influencer marketingAlthough influencer marketing is an increasingly popular and often effective PR and marketing, it’s faltering, largely because of its success.

Done correctly, influencer marketing is a digital version of word-of-mouth marketing. People prefer to hear from others like them and people they admire, not advertising or corporate brand messages.

Unfortunately, influencer marketing often falls short of its enormous potential because marketers fail to implement the strategy effectively.

A Missed Opportunity

Influencer marketing opportunities slip through the fingers of many marketers, writes Ryan Pitylak, co-founder and CEO of Unique Influence, in AdWeek. It’s an incredible tool that few use effectively.

A major issue is that people realize that brands are paying influencers. The problem is so extensive, the FCC has stepped in and issued guidelines on disclosures and cited companies for not disclosing influencer messages as paid advertisements.

Pitylak suggests these steps to rejuvenate influencer marketing:

  • Find influencers with moderate numbers of followers.
  • Motivate them to share information they feel passionate about.
  • Encourage them to promote that content to people with overlapping interests with them.
  • Intelligently distribute the content that’s created by passionate, trusted influencers. Abandon the standard approach of sending mass messages to everyone in the target audience. Instead, find people who trust content from influences.

“Brands need to rethink what they’re currently doing in the world of influencer marketing, since it’s not working, but oh-so-close,” Pitylak says. “Brands know the customer is smart and they know they want to hear from people they trust and relate to more than an overpaid influencer.”

The Insider Influencer Impact

Doug Simon, CEO of influencer marketing company D S Simon Media, agrees that brands misuse influencer marketing. However, he offers a different solution: Instead of trying to transform influencers into brand representatives, promote your own experts as influencers, he recommends in O’Dwyers. A D S Simon Media report found that in-house experts outperform third-party spokespeople. Out of 200 company communicators surveyed, most (84%) reported being satisfied or very satisfied with their own expert’s ability to earn media, more than double the level of outside experts.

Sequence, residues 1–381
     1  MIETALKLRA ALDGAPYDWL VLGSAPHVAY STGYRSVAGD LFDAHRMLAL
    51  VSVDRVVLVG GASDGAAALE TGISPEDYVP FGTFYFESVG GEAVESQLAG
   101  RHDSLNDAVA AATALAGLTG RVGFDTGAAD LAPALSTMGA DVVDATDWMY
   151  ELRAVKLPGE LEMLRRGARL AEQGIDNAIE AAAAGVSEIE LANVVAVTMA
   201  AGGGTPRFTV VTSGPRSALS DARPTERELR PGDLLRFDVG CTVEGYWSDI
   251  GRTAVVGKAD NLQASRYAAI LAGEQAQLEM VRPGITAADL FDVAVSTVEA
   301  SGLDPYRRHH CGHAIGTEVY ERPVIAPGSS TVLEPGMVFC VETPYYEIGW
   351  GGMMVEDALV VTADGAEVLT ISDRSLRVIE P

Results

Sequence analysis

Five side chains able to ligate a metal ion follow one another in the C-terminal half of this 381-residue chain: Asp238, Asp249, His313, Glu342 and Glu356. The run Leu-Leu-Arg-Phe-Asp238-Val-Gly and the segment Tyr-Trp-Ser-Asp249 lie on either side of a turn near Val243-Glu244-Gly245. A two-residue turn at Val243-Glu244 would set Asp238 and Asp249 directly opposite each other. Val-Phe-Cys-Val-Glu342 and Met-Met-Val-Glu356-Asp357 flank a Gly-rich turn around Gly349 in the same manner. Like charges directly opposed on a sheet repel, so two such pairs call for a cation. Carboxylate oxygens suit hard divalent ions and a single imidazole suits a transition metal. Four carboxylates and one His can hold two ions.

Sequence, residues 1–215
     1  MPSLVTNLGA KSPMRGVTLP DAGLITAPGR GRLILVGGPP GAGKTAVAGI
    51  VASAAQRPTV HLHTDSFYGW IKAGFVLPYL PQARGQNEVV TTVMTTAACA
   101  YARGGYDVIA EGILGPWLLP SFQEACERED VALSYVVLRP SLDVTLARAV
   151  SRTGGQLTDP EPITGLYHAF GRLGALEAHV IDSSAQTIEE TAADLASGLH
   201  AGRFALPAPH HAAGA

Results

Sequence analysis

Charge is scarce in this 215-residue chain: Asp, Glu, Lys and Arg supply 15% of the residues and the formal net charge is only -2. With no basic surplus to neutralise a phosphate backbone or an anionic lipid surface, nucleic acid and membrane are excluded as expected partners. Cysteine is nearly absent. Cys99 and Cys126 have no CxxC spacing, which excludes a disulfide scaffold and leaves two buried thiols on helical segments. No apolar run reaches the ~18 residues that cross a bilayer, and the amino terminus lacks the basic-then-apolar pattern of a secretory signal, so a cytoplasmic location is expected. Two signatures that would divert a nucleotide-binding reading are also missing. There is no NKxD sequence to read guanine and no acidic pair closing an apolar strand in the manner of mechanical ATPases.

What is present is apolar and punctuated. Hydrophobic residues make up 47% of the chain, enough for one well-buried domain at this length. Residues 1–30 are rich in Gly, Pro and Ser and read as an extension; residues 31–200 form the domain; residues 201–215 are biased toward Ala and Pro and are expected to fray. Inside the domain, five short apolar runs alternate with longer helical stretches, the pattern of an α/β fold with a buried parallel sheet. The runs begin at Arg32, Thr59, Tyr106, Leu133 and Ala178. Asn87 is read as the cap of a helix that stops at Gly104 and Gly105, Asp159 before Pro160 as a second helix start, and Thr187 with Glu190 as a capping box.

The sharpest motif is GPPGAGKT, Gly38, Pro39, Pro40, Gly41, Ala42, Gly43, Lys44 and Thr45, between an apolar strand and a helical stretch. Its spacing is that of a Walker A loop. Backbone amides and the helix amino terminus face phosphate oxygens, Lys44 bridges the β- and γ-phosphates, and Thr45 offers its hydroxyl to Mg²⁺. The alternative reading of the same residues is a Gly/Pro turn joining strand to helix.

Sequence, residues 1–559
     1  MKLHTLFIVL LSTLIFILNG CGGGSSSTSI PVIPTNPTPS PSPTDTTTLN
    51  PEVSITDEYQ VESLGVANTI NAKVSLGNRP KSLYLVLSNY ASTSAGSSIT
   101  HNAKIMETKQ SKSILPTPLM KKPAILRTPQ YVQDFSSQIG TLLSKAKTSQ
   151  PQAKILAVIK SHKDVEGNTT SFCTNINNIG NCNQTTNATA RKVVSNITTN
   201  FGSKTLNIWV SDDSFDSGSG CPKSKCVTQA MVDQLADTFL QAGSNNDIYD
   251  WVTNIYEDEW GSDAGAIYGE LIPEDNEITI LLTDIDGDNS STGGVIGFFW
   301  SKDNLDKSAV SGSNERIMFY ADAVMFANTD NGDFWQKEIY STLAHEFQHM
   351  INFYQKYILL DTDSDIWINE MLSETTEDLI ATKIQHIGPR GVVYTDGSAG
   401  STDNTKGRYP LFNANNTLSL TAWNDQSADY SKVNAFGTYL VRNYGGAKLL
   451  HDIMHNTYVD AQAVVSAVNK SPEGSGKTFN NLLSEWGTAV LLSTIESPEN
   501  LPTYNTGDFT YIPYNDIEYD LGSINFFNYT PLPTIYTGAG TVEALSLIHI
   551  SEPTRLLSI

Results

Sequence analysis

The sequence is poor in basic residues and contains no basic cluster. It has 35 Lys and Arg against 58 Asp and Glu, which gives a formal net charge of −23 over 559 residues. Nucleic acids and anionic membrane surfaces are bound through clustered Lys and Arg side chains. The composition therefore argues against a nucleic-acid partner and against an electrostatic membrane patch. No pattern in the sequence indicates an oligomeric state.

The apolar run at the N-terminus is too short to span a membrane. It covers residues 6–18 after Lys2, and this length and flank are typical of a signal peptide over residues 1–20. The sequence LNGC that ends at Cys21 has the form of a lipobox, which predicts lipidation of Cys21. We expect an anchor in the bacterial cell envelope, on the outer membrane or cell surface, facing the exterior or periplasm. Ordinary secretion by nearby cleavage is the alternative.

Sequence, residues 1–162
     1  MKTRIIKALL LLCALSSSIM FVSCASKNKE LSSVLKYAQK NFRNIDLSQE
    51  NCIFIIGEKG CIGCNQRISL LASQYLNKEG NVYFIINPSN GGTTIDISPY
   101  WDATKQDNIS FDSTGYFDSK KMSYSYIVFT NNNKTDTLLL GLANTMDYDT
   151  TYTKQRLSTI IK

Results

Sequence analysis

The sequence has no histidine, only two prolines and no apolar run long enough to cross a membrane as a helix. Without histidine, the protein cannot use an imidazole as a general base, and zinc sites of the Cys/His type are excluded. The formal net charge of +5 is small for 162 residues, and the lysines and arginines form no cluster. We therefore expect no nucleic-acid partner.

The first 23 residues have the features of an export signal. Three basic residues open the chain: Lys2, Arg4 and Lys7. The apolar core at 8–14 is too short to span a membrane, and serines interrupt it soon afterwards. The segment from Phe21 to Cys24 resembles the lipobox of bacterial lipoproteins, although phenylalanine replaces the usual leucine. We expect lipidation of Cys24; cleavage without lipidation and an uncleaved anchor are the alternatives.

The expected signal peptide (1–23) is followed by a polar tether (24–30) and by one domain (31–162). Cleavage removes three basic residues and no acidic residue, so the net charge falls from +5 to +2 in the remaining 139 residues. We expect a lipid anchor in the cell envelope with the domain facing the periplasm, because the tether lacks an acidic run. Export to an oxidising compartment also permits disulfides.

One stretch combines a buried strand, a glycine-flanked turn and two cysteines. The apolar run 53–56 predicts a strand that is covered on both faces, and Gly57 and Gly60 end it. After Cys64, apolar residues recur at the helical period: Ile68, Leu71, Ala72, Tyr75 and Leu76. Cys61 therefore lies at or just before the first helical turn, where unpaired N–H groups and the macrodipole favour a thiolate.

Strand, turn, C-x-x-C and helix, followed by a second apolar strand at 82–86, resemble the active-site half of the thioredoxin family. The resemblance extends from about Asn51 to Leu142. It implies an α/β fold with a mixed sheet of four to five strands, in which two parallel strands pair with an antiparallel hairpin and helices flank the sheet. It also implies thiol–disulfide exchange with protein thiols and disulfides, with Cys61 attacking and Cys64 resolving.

“By investing in your own people instead of outside experts you are positioning your organization for long-term growth,” Simon says.

In-house experts are more knowledgeable about company and its products and are more trustworthy than outside influencers, who have been known to make mistakes.

Outside influencers do have a role to play: Brands can bring their in-house experts to influencers, who can amplify the company expert’s message through interviews and sharing content. Treat third-party influencers like media instead of a brand rep to minimize risk, Simon recommends.

The Earned Media Emphasis

Many influencer marketing experts agree that the strategy can be more effective if it functions more as earned media rather than paid media. It should become more PR-like and less overtly promotional to improve chances of long-term success.

That means building long-term relationships with influencers and helping them produce content that’s original, newsy, authentic, interesting, educational and entertaining.

That PR approach will produce increased readership/viewership and better believability. Ultimately, influencer marketing that mimics earned media will boost audience belief in the message.

Bottom Line: Most brands do not gain the full benefits of influencer marketing. Influencer marketing falters when increasingly cynical customers realize that influencer messages are paid advertisements. People want messages from others they trust and feel an affinity with, not overpaid celebrities. These recommended strategies can help brands build stellar influencer marketing campaigns.